UCL Library Special Collections is one of the foremost university collections of manuscripts, archives and rare books in the UK.
- You can search for rare books and other printed material on Explore.
- Archives and manuscripts are found on the Archives Catalogue.
- Search for digitised and digital content on Digital Collections.
For more information and video tutorials on how to use these resources to find material held by UCL Special Collections, learn about Our Collections.
News from our blog
Twelve copies of The Drummer from the Alternative Press Collection. Founded in the 1967 and originally called Distant Drummer, the newspaper reported on Philadelphia’s radical/hippie community and served as a forum for commentary on local and national politics as well as the city’s music and arts scene. From 1971 until its demise in 1979, it was known simply as The Drummer.
Eleven pipers piping: a scene from Ovid’s Metamorphoses depicts Mercury lulling Argus to sleep with his enchanted reed pipe.
We can go one better than the traditional ‘ten Lords’ and offer you ‘one royal’…
We’re not going to lie to you, this one is a bit tenuous. But we couldn’t resist the opportunity to share one of our most successful outreach projects to date.
Nine ladies dancing: Let’s dance! A party in the margin livening up this 1534 edition of Polydore Vergil’s History of England.
Eight maids a-milking: image taken from Commentarii, in libros sex Pedacii Diocordes Anazarbei, de medica meteria, which in turn features in Treasures From UCL (2015).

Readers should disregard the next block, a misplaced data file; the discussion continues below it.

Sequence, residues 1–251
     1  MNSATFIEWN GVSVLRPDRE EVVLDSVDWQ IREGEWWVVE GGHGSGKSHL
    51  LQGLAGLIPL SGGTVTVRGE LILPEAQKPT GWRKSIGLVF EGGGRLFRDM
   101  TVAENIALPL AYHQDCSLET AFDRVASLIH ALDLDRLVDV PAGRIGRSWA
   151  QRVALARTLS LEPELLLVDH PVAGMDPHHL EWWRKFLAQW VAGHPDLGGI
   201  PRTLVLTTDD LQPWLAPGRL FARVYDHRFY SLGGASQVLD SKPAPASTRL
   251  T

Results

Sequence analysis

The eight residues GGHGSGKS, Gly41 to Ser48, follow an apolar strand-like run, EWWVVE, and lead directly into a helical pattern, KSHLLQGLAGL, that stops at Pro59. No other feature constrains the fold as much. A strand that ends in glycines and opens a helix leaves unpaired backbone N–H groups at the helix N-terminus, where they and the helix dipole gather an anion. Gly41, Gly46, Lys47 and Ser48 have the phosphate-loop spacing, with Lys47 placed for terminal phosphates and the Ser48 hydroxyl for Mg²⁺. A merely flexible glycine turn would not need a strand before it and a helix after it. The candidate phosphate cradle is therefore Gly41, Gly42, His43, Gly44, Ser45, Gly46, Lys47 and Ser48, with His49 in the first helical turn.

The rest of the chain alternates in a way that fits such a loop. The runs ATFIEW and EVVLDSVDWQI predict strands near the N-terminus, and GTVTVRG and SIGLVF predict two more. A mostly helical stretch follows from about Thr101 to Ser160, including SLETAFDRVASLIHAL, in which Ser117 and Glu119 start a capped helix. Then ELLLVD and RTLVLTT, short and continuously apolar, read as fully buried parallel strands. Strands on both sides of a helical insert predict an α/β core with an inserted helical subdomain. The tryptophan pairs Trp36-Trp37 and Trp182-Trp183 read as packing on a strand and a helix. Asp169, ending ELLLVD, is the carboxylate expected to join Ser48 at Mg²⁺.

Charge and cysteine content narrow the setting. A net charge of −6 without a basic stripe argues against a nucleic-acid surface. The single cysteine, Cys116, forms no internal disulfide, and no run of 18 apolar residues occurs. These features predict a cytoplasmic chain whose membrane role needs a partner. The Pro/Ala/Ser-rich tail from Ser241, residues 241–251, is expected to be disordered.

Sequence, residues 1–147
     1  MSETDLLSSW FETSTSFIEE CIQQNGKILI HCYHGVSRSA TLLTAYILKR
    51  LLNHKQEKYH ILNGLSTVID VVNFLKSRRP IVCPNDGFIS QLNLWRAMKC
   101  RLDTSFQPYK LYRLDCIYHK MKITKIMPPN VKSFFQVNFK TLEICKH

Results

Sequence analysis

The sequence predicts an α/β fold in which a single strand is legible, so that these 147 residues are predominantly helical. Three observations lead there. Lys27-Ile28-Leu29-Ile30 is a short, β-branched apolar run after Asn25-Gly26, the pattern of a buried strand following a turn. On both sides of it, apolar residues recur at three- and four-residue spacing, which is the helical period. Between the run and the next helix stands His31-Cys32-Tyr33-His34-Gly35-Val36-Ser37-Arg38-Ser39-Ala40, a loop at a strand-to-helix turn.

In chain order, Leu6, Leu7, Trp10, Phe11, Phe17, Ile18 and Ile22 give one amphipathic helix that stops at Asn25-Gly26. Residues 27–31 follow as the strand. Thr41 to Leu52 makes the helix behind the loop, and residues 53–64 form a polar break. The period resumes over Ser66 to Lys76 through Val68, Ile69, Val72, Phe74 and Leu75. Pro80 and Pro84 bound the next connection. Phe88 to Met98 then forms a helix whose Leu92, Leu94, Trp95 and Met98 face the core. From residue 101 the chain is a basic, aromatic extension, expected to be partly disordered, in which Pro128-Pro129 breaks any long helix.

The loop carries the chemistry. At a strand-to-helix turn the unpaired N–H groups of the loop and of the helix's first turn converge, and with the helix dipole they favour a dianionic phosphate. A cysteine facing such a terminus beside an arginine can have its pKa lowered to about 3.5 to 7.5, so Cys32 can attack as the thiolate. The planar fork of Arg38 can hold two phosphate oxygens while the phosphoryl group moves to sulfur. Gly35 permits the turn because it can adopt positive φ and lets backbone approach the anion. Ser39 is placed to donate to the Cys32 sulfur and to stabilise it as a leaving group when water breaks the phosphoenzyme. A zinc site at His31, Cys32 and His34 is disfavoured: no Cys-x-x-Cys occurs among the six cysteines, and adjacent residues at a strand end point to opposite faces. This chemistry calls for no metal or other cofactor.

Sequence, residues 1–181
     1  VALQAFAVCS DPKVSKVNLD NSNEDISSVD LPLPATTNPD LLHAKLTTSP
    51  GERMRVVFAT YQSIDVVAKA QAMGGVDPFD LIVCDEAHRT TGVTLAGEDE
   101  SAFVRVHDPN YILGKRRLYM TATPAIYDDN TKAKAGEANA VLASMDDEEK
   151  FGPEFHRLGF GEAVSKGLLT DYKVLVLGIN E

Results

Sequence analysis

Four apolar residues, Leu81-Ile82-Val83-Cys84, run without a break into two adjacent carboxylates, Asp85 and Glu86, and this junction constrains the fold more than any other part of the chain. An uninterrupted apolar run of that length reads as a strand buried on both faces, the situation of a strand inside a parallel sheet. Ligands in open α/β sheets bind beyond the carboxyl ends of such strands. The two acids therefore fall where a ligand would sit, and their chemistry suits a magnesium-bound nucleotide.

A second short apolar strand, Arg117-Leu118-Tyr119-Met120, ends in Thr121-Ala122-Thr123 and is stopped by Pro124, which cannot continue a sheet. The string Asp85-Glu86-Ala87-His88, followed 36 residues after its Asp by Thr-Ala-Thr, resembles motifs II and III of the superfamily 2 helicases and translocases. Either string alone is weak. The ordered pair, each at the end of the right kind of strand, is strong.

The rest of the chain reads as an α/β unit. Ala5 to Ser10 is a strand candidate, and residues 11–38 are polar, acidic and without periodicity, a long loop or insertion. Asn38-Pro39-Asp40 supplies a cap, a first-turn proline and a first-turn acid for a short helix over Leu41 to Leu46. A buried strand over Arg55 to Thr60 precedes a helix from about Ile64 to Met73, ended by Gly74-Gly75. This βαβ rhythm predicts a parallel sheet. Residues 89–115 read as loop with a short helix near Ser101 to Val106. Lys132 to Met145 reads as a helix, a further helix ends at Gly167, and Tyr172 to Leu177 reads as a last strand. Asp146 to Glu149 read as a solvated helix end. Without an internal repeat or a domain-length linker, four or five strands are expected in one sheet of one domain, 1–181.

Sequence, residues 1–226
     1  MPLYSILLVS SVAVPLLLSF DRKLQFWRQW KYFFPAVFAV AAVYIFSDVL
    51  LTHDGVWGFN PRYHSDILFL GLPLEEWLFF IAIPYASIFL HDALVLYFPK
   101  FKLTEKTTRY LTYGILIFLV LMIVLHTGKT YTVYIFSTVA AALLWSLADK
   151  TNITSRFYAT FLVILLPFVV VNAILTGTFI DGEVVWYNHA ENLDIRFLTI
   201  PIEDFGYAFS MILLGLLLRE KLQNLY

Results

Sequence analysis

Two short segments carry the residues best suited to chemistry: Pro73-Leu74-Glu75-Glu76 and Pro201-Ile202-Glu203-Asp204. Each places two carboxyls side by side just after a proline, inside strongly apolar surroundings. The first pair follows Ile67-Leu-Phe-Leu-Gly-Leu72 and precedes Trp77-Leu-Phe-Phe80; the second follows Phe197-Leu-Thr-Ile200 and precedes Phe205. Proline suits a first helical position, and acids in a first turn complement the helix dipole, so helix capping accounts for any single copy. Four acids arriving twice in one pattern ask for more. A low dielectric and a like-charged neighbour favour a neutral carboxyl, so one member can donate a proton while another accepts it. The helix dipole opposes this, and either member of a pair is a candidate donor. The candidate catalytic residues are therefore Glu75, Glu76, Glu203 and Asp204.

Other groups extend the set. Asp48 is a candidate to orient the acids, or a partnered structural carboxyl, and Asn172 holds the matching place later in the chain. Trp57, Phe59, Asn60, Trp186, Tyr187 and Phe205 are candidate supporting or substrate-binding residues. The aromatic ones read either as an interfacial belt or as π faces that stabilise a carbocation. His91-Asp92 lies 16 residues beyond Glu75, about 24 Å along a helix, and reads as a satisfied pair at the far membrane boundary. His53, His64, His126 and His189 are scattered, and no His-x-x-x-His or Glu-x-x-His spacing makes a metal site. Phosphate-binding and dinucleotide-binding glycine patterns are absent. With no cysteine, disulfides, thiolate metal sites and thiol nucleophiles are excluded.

Seven swans a-swimming: well just about, with the assistance of ultra-high-tech imaging trickery. Eleazar Albin’s A Natural History of Birds appearing once again.
Six geese a-laying: bean, white-fronted, Egyptian, barnacle, brant, red-breasted (with some of their eggs to tie things together), all courtesy of 19-century ornithologist, Francis Orpen Morris.
Five gold rings: back in the conservation studio, certain precautions should be taken before a pigment consolidation job . . .
Four calling birds: and their song in musical notation (‘to to toto to to!’), from Athanasius Kircher’s Musurgia universalis (1650). The parrot, imitating human speech, is saying hello in Greek instead . . .
Not quite three French hens, but one French lesson, at the Open Air School in Regent’s Park, c1919. Schools like this were opened to promote better health in children – all lessons took place outdoors whatever the weather, to give students maximum exposure to fresh air.
IOE Archives, reference LFB/24